You’ve no doubt heard the tagline more times than you can remember, and chances are it’s felt fresh every time. What is it about MasterCard’s ubiquitous “Priceless” campaign that resonates not just with consumers but also with the three MasterCard CMOs who have reigned during the initiative? And what has enabled the messaging to maintain a freshness and consumer appeal after nearly 17 years? Can anything live up to “Priceless” in terms of longevity and universality? It’s not just 17 years, but 50 languages and 102 countries, too.
First and foremost, “Priceless” is about creating emotional moments, and the campaign has done this by tapping into something simple: people don’t have the time or the financial means to create those truly spectacular moments.
Or do they?
Not only did the campaign bring cherished moments to the foreground, it positioned these moments as both universal and highly accessible by alleviating any postpurchase guilt. The tickets to a baseball game, hot dogs, and autographed baseball are the investment—and after the money’s spent, the payoff is the real conversation with your son.
Another trophy in the case? Sure. But more importantly, it was truly the first—and one of the most innovative—viral campaigns in history. The “Priceless” campaign launched in 1997, long before the age of social media, but people still knew about dad and son and the autographed baseball. It was a big idea that resonated and socialized the old-fashioned way, without the crutch of now-universal viral tactics to give it wings. When “Priceless” started, MasterCard couldn’t really gauge its successes the way we can today. There was no definitive assessment to say “they say this campaign and this many consumers went on to apply for a card.” Today we have those tools and countless others. We can dive into the metrics for this and any other print, digital, broadcast, social, or mobile campaign and figure out ways for it to run farther and faster.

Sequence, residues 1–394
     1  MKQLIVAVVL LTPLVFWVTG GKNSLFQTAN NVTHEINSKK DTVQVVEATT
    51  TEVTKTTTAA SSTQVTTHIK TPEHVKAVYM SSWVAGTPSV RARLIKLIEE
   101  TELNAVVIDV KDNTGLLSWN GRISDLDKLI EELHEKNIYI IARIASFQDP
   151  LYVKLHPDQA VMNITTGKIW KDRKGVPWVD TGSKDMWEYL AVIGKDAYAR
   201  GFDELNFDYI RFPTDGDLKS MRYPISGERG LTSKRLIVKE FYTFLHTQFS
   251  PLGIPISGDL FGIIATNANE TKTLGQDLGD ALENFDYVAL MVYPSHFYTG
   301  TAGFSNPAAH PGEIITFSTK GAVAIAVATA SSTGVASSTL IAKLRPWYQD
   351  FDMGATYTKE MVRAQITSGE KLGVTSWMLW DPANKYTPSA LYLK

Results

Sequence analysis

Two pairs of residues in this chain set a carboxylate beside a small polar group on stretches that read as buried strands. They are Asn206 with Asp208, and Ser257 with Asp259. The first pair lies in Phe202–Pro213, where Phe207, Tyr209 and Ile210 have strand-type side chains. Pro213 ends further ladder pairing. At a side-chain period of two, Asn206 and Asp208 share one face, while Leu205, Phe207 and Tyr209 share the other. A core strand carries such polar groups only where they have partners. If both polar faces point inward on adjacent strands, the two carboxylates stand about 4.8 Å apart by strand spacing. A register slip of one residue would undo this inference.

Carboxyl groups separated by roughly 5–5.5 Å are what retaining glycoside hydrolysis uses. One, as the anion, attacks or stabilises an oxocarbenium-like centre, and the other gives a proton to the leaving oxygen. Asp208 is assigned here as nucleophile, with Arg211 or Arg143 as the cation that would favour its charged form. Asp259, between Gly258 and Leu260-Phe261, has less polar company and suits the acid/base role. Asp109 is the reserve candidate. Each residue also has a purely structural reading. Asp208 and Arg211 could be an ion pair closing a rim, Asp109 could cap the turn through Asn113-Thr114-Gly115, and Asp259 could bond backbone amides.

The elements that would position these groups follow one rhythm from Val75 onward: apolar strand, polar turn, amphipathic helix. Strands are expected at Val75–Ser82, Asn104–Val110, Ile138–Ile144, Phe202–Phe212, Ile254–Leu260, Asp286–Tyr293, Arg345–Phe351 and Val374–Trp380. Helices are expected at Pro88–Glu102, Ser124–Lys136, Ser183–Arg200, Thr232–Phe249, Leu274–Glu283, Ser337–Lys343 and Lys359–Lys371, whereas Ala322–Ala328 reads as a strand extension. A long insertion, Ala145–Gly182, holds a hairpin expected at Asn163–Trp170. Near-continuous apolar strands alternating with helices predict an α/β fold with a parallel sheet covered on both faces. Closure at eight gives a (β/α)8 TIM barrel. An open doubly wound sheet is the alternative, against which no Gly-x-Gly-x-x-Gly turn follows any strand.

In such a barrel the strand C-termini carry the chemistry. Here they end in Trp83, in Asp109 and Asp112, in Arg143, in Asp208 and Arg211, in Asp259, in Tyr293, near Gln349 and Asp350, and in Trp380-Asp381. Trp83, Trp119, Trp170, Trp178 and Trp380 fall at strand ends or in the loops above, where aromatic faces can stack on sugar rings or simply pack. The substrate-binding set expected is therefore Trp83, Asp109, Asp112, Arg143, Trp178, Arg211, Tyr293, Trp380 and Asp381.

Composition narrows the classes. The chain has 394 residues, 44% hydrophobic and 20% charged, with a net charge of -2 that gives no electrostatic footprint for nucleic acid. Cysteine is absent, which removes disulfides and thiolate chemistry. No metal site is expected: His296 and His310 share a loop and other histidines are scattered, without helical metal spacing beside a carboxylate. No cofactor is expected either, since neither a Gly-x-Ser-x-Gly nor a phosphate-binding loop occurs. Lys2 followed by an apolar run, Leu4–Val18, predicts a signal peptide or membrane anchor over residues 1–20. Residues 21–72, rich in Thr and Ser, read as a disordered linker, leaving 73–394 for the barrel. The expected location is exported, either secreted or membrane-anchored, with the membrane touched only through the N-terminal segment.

As social media ramped up so, too, did MasterCard’s envelope pushing. In 2011, the company took seats from the old Yankee Stadium, affixed QR codes, and stuck them near legendary New York City spots, driving consumers to check in on Facebook Places, back when both technologies were relative newcomers. As part of the same “Priceless Cities” initiative, MasterCard curated a series of truly exclusive events (think rehearsing with the Rock of Ages cast), helping cardholders create those in-ad experiences in their own lives.
The marketing campaign continues through 2013 and, no doubt, will forge ahead in 2014 and beyond. MasterCard, as well as any other integrated brand, is in a unique position at the intersection of measuring success and pushing even harder against those metrics to achieve something truly great and long lasting. MasterCard could even look to break its campaign into smaller, equally powerful calls to action to further hit on specific goals of the organization and enable the core campaign to live on in new, unique formats.
It’s a powerful thing to think about: longevity and constantly re-evaluating and re-imagining success. MasterCard has done it in a seemingly flawless format for close to two decades. Think about how you’re putting together your brand assets now and in the year ahead. Are they working as hard as they possibly can for you? Are you measuring your successes, and pushing even harder against those success metrics? What are your campaign goals, today and tomorrow? Mapping out long-term strategies and constantly re-imagining and re-assessing are critical—even “priceless,” perhaps.